Cosatu Won’t Allow ANC To Force It Into Eskom’s Disruptive IPPs


Tripartite alliance partner Congress of South African Trade Unions (Cosatu) says it will not be forced by the African National Congress to accept independent power producers at Eskom.

Cosatu president Zingiswa Losi says it will use its influence to put pressure on the ruling party to drop the multi-billion-rand project.

Energy Minister Jeff Radebe failed to meet the union’s Saturday to accept their memorandum outside the Union Buildings after the march against the IPP project at Eskom.

Losi says the project in its current form is ineffective.

“There’s no science of job creation in the IPPs that’s why we’re saying we want them to come back the negotiation table. Let’s relook at this IPPs issue together and find solutions.”

Meanwhile, the South African Federation of Trade Unions Secretary General Zwelinzima Vavi says workers must unite against capitalism.

“It’s actually the bourgeois class that wants to work 24/7 to ensure that workers are kept divided so that they can multiply their rates of profits.”

At the same time, the National Union of Metalworkers of South Africa (Numsa) and the South African Federation of Trade Unions (Saftu) have united in their call for the Eskom CEO and board to be sacked.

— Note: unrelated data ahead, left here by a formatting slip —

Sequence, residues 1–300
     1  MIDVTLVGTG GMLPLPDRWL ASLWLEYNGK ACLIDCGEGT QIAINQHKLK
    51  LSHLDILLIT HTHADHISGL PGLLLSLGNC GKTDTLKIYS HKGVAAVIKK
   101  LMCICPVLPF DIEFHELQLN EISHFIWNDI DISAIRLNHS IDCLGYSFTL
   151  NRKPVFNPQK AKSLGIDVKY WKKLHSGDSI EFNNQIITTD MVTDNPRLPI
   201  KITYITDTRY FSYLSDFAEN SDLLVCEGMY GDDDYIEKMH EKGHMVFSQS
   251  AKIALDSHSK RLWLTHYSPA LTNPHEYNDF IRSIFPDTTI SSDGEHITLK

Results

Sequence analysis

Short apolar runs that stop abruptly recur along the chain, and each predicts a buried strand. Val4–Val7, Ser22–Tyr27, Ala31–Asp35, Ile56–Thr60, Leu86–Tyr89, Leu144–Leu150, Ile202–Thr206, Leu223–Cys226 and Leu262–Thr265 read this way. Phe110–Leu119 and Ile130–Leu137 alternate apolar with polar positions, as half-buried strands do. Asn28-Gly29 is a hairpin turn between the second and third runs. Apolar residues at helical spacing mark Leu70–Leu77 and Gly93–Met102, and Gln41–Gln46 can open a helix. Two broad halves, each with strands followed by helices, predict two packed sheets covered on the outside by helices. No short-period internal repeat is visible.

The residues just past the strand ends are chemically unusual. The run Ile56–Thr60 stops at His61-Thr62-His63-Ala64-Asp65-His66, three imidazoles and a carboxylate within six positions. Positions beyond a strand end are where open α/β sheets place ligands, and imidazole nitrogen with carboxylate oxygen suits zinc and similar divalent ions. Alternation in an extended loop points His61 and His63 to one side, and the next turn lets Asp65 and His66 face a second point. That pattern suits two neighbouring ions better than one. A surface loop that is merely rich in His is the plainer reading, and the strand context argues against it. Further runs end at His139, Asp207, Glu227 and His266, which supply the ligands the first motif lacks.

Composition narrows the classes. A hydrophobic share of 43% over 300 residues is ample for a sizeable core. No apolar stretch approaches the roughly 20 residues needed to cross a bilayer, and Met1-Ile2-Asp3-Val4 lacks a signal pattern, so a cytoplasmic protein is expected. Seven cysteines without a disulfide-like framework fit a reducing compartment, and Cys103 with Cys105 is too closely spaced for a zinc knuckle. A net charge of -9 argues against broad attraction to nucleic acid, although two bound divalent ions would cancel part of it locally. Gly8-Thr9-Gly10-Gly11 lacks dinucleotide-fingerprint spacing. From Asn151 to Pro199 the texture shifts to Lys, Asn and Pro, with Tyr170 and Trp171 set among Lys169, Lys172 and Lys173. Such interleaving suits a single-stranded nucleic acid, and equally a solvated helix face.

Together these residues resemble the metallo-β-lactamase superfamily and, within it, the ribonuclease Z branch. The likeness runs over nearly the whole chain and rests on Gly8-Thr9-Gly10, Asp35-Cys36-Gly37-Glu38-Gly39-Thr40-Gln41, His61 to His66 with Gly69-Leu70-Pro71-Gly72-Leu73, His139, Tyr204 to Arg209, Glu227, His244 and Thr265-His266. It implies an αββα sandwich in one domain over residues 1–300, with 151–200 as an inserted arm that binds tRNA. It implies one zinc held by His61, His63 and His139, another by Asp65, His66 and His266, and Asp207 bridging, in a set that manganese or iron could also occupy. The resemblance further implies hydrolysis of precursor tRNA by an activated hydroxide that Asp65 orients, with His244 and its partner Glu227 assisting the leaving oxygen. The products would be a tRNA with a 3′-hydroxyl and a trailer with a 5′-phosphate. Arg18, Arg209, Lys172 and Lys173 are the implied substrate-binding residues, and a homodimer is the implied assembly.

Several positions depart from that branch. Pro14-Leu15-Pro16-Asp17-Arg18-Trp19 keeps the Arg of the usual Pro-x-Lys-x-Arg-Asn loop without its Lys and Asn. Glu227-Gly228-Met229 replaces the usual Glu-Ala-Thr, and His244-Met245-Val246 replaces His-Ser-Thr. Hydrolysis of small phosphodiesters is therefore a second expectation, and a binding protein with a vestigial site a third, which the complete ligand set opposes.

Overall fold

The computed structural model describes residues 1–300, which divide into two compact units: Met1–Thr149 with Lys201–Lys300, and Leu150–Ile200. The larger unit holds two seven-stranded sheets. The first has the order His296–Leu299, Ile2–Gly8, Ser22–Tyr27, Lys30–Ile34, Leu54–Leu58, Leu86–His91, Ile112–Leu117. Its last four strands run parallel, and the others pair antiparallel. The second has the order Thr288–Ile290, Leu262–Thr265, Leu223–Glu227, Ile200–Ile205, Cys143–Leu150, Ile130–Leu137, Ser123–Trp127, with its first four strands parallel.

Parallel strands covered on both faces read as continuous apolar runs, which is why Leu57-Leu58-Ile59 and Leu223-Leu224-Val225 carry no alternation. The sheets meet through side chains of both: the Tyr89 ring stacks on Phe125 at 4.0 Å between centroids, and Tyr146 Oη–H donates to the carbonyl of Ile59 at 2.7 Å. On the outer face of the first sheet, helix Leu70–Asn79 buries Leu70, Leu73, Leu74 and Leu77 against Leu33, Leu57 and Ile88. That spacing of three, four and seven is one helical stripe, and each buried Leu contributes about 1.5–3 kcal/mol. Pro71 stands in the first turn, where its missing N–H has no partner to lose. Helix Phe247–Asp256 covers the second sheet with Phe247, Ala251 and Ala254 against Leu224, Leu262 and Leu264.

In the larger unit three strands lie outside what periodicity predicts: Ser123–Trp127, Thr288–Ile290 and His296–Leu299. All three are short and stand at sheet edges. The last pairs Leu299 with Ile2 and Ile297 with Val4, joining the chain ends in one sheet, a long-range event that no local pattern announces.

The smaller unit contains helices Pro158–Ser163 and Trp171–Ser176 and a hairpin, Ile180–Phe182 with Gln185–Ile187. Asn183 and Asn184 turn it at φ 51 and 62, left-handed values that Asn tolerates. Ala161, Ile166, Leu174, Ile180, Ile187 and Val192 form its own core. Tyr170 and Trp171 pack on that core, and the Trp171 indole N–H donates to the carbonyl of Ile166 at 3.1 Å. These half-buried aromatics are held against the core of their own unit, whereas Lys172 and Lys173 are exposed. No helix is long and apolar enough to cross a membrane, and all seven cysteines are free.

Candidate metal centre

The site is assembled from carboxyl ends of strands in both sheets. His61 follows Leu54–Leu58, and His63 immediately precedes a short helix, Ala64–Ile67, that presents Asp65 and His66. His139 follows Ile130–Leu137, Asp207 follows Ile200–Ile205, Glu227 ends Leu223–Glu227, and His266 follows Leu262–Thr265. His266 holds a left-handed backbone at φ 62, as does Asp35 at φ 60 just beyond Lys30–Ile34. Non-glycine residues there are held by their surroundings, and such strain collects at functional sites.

They are accusing Phakamani Radebe and the power utility’s board of deliberately collapsing the state-owned entity and threatening workers jobs by signing contracts with independent power producers.

They made these claims at a National Union of Mineworkers led march to the Union Buildings on Saturday against the independent power producers (IPP) projects.

Rival union’s Numsa and NUM are calling for the scrapping of the IPP project if they want to keep their jobs.

Numsa Secretary General Irvin Jim said, “That whole board must go. We know how you run Eskom, we know what needs to be done not to destroy a single job.”

NUM’s president Joseph Montisetsi said workers are in danger of losing their jobs if IPPs are allowed to continue.

Montisetsi said what is happening at Eskom is another form of state capture.

“This is a second state capture because when you take the private sector to come and benefit from the entity of government, what does that mean? It means that you take people from outside to line up their pockets at the expense of workers.”

The two union’s say if the government fails to adhere to their demands – they will punish them at the polls next year.